This article appeared in the July 2010 ASX Investor Update email newsletter. To subscribe to this newsletter please register with the MyASX section or visit the About MyASX page for past editions and more details.
By Gary Stone, Share Wealth Systems
Financial markets have ups and downs, sometimes extreme, which cause investors to experience emotional rollercoaster rides in line with price swings. Those who have lost money in the past few years may find it hard to deal with investment emotions, but controlling them is the key to successful investing and trading.
As information that affects financial market prices has become more rapidly and readily available, the volatility of the ups and downs has increased, along with the emotional swings of market traders and investors.
You have probably heard that successful trading starts with having an investment plan that includes a strategy or systemised approach with which to engage the market. A plan is certainly a necessary first step, but that alone is unlikely to achieve the investing outcomes you desire.
This is where the emotions of trading affect every investor. Our emotions almost force us to deviate from a predetermined plan. Unless you learn to control emotional reactions, you will make decisions that will be seen as logical but in reality are not.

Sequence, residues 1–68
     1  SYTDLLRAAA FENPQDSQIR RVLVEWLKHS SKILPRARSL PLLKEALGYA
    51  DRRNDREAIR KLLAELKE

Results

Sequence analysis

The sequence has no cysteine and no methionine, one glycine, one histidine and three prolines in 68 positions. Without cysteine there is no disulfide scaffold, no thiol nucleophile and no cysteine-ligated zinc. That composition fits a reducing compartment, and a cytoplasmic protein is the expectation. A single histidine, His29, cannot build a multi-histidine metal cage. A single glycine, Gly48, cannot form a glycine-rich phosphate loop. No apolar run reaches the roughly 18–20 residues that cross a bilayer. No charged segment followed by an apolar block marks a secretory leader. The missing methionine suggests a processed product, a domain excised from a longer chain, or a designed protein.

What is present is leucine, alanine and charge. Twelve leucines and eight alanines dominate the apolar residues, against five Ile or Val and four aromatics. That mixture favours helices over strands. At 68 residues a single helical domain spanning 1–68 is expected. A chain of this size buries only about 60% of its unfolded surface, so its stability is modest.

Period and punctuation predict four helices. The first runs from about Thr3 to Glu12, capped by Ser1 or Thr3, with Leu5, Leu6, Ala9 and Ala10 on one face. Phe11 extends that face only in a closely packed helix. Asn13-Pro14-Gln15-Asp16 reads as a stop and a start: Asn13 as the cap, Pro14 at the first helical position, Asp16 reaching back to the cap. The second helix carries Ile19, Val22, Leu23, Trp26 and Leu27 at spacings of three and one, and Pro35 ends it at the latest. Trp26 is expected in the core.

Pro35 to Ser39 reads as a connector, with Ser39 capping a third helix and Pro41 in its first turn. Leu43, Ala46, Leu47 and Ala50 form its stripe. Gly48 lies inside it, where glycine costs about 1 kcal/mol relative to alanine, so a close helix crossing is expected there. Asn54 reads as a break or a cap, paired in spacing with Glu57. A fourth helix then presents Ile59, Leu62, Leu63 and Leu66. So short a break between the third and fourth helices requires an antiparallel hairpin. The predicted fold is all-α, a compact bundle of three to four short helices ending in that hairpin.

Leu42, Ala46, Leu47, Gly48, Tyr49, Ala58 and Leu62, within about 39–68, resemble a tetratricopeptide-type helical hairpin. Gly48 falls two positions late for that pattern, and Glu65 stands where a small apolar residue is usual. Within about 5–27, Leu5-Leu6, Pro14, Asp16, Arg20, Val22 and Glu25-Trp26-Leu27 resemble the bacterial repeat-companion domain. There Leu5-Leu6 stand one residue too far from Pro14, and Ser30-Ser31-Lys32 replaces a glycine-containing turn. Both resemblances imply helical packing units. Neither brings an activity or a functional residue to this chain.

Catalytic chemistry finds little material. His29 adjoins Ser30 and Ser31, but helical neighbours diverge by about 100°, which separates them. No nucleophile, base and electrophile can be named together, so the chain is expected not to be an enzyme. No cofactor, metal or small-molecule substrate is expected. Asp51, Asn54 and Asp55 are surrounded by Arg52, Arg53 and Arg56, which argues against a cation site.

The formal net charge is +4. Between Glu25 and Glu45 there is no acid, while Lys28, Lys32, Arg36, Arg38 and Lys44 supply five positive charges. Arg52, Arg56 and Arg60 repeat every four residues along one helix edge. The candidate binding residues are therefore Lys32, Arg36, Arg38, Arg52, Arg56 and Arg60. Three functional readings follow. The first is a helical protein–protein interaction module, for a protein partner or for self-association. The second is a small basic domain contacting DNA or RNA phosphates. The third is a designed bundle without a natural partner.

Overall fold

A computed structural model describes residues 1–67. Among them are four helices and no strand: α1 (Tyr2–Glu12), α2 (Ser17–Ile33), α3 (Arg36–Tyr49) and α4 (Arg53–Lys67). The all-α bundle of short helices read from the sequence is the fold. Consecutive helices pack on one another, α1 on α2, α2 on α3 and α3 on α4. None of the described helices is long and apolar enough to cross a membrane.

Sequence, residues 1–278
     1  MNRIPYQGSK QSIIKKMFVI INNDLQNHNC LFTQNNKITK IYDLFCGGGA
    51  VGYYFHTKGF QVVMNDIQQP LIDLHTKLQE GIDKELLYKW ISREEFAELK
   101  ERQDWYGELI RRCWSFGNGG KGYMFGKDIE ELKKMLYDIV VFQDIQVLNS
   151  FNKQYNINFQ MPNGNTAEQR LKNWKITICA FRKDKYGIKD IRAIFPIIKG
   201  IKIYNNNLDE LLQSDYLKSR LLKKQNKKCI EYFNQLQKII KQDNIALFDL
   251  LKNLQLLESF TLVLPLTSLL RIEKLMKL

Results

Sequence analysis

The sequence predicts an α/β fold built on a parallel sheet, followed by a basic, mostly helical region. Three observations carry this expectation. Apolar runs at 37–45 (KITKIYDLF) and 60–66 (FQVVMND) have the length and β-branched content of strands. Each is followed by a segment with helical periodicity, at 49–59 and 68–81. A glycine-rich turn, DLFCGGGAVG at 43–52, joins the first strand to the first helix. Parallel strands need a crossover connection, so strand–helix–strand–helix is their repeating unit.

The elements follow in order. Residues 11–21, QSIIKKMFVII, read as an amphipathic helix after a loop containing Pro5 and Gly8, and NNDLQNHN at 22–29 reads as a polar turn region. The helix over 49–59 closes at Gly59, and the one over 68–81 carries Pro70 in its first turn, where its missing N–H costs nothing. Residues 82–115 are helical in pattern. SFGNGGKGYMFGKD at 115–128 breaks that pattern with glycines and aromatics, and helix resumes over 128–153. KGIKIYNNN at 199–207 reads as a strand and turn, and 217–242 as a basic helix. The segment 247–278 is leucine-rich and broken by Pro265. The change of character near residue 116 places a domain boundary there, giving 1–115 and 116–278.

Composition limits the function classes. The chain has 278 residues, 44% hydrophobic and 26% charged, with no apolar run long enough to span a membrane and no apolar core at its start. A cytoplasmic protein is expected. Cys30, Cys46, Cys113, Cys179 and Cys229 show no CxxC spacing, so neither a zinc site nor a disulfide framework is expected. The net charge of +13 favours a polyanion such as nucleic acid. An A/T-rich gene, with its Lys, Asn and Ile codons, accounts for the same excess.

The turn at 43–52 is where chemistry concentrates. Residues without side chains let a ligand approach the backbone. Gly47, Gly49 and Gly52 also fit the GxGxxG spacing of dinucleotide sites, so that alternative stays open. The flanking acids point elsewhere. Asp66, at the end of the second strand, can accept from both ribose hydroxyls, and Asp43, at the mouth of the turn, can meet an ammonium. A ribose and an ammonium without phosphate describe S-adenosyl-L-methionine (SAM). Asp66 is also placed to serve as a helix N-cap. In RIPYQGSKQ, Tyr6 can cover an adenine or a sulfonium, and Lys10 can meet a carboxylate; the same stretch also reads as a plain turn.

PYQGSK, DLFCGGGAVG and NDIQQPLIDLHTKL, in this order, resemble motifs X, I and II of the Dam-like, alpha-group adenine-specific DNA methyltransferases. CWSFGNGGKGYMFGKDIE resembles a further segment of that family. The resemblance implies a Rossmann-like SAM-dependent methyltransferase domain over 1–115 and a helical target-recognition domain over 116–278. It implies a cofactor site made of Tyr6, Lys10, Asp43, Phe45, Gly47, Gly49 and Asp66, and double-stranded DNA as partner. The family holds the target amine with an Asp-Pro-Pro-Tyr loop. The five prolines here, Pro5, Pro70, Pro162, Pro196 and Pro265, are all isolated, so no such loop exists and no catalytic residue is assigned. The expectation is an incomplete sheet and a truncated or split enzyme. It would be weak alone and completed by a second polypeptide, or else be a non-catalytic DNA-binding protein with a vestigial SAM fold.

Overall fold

The importance of controlling emotions
Although positive emotions, such as euphoria and over-joy, can negatively affect your trading, it is the negative emotions you really need to watch out for.
Take the saying 'Anger makes you stupid'. Being angry is one emotion that potentially can hijack the way you approach trading decisions. There are countless others, such as frustration, grief, envy, trauma, stress, rage, paranoia, hatefulness, betrayal and revenge that affect your state of mind and inevitably the decisions made in the heat of the market.
Medically this state is known as an 'amygdala hijack', when the amygdala bypasses the neocortex (the thinking part of the brain) and there is little or no ability to rely on intelligence, logic or reasoning. The effect is that mental energy is drawn exclusively into the hijack.
The immediate result of a hijack is a decrease in working memory. Adrenaline is released and will be present and effective for about 18 minutes, and other hormones are released into the bloodstream that will take three to four hours to clear. Their purpose is to deal with physical threat through the well-documented 'fight or flight' response. While in this state, people make illogical and irrational decisions - sometimes including buying or selling shares.
The unfortunate element of an amygdala hijack state of mind is you are unaware of it until afterwards and the damage is done. You will only become aware when you question the irrational investment decisions, and without the knowledge explained here, you will never know or understand why you made such poor decisions.
It's difficult to act as you 'should'
Being aware of how you need to think and feel, and how you 'should' act is simple and logical enough in theory. Actually accomplishing that in the heat of market conditions is very difficult for the majority of active investors.
To be successful in the market over the long term you need to acquire certain mental skills. You need to add new beliefs into your subconscious mind that automatically determine your perceptions, expectations, behaviour and emotional state in regard to engaging the markets. You also have to 'turn off' beliefs that can potentially sabotage your investing endeavours.